As Memorial Day approaches and the National Park Service’s 100th anniversary draws near, I’ve been looking back at a pair of 2009 reports on America’s “great outdoors.” An RFF report that I coauthored reviewed the status of public lands, demand for outdoor recreation, and conservation funding trends. The study was in support of the Outdoor Resources Review Group, a 17-member bipartisan commission comprising conservation, public lands, and parks experts. US Senators Lamar Alexander (R-TN) and Jeff Bingaman (D-NM) were honorary co-chairs, and the commission was created by two long-time elder statesmen in the field, noted environmental lawyer Henry Diamond and Conservation Fund Chair Emeritus Patrick Noonan. The commission released its own report (published by RFF) with a set of recommendations, many of which formed the basis for President Obama’s America’s Great Outdoors initiative, launched in April 2010.
Although the two reports are now seven years old, many of the findings still resonate. Here’s a brief summary—some food for thought as we approach the summer outdoor recreation season. ...
What’s happened in the seven years since these reports were published? The recession, which was just hitting the US economy as the reports were completed, had a devastating effect on state and local government budgets. In many states, the first agencies to see cuts were parks and natural resources agencies. State parks saw huge budget cuts and many of them have not fully recovered. The same is true of the federal land management agencies. The National Park Service’s deferred maintenance backlog has ballooned to nearly $12 billion. The state conservation programs funded by dedicated revenue sources were hit hard and legislatures in many states diverted what money there was to other programs. Some of those programs are starting to recover but some of the diversions have remained in place. The LWCF [Land and Water Conservation Fund] Act came up for reauthorization in October 2015 and, after much debate, was renewed for only three years. While the LWCF maintains some bipartisan support in Congress, a minority group of conservative lawmakers wants to stop funding land acquisitions altogether and sell off federal lands to the states. These disputes continue, leaving the LWCF—and support for land conservation more broadly—in limbo.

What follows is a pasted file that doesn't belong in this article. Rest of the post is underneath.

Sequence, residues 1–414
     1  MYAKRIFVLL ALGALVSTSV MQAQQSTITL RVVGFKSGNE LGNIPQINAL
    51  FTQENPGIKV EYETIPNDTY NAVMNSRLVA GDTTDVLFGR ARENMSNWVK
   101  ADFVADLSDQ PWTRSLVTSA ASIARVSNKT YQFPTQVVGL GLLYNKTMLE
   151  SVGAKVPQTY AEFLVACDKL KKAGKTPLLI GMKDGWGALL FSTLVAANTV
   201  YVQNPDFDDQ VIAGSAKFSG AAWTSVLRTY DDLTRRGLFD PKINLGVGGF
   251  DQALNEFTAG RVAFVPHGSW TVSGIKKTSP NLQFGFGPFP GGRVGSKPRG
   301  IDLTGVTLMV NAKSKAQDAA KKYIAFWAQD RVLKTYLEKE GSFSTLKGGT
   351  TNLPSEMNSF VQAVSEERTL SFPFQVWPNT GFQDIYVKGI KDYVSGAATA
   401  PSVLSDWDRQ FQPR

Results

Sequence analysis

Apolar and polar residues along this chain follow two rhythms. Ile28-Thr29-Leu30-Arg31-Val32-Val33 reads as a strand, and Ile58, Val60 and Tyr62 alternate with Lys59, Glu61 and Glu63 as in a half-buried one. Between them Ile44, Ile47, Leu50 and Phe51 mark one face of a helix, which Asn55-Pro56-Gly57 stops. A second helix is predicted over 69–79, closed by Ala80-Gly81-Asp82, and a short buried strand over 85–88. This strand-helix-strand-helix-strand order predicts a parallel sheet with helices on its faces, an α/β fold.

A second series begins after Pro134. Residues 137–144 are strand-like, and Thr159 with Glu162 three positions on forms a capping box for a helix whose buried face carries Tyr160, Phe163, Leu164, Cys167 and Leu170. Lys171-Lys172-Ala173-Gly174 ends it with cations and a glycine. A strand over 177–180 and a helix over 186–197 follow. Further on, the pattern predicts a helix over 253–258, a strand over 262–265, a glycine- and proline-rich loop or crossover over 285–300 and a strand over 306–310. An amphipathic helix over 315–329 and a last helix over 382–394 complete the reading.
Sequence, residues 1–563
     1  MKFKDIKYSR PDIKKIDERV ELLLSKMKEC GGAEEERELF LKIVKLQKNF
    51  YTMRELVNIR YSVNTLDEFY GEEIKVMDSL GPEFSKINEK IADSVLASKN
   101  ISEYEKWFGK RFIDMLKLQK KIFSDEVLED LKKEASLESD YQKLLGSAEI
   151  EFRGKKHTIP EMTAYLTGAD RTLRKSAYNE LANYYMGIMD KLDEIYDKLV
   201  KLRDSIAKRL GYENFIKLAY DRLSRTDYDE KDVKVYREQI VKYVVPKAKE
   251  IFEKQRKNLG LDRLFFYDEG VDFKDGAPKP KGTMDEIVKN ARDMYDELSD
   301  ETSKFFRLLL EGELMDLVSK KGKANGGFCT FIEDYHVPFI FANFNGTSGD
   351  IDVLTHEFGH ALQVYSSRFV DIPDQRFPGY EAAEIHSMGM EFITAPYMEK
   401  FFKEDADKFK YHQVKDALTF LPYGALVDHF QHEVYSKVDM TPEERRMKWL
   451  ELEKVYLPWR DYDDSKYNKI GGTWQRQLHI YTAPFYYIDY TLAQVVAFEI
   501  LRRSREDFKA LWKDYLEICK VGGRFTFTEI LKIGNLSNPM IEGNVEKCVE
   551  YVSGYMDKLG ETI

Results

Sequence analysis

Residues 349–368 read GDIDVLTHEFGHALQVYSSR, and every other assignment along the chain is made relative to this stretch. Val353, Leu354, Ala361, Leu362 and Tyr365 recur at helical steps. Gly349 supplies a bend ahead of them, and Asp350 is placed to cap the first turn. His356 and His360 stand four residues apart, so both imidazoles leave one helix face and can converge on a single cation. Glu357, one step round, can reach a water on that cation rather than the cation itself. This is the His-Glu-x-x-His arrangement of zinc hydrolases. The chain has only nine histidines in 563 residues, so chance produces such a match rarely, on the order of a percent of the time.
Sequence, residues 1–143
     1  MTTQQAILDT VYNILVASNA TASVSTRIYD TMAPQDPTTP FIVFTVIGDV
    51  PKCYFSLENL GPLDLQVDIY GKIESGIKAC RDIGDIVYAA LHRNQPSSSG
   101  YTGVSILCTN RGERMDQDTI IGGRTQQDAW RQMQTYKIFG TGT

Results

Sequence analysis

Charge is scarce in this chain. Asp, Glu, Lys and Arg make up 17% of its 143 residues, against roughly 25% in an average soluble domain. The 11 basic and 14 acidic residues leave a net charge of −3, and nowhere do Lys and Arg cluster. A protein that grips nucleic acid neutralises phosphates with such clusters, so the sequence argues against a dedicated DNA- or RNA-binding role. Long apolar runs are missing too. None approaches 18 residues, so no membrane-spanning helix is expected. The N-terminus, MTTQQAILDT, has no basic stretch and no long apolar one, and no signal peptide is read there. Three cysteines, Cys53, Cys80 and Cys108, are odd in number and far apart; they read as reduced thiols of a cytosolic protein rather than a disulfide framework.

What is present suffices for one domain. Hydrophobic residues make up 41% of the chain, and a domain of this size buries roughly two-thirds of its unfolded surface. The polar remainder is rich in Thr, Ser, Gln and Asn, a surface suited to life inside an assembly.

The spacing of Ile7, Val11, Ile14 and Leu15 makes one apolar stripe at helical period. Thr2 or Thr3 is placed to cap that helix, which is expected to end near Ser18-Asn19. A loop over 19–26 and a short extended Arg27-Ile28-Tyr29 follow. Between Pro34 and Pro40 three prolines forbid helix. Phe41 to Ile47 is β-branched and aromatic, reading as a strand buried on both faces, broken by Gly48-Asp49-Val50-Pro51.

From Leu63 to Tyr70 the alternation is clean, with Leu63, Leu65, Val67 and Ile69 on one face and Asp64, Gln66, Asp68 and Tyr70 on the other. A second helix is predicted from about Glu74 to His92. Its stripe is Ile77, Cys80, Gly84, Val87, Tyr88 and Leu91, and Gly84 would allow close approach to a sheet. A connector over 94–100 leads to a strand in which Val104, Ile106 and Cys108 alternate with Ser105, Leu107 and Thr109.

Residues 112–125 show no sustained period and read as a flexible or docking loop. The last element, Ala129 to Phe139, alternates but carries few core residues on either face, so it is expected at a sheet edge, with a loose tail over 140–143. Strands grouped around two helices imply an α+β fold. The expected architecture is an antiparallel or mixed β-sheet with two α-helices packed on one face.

All of this means we’re a long way from adopting the primary recommendation put forward by the Outdoor Resources Review Group in the commission’s report: Establishing a new, independent trust operating outside of the confines of the congressional appropriations process, with $3.2 billion of dedicated annual LWCF funding (an amount equal to the $900 million authorized in the 1970s adjusted for inflation) serving as base support.
Both of these reports stand the test of time. The RFF report and the numerous background studies that RFF researchers undertook or oversaw are a treasure trove of information about our country’s outdoor resources. If you’re interested in learning more, all of these publications can be found on the RFF project page.